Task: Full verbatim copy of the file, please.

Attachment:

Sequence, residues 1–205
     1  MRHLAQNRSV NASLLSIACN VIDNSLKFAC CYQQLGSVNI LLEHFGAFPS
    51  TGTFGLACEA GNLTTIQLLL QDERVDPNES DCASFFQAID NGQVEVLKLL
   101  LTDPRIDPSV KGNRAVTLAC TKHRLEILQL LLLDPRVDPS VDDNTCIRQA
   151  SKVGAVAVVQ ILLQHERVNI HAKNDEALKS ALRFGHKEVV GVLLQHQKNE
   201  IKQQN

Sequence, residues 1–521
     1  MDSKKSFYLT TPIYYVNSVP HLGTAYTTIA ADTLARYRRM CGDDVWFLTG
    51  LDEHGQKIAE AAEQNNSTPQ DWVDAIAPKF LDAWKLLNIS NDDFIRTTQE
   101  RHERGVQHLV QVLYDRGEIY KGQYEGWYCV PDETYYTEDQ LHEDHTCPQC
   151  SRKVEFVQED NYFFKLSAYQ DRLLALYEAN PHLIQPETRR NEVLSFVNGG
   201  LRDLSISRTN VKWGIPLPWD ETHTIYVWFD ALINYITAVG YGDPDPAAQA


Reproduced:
Sequence, residues 1–205
     1  MRHLAQNRSV NASLLSIACN VIDNSLKFAC CYQQLGSVNI LLEHFGAFPS
    51  TGTFGLACEA GNLTTIQLLL QDERVDPNES DCASFFQAID NGQVEVLKLL
   101  LTDPRIDPSV KGNRAVTLAC TKHRLEILQL LLLDPRVDPS VDDNTCIRQA
   151  SKVGAVAVVQ ILLQHERVNI HAKNDEALKS ALRFGHKEVV GVLLQHQKNE
   201  IKQQN

Sequence, residues 1–521
     1  MDSKKSFYLT TPIYYVNSVP HLGTAYTTIA ADTLARYRRM CGDDVWFLTG
    51  LDEHGQKIAE AAEQNNSTPQ DWVDAIAPKF LDAWKLLNIS NDDFIRTTQE
   101  RHERGVQHLV QVLYDRGEIY KGQYEGWYCV PDETYYTEDQ LHEDHTCPQC
   151  SRKVEFVQED NYFFKLSAYQ DRLLALYEAN PHLIQPETRR NEVLSFVNGG
   201  LRDLSISRTN VKWGIPLPWD ETHTIYVWFD ALINYITAVG YGDPDPAAQA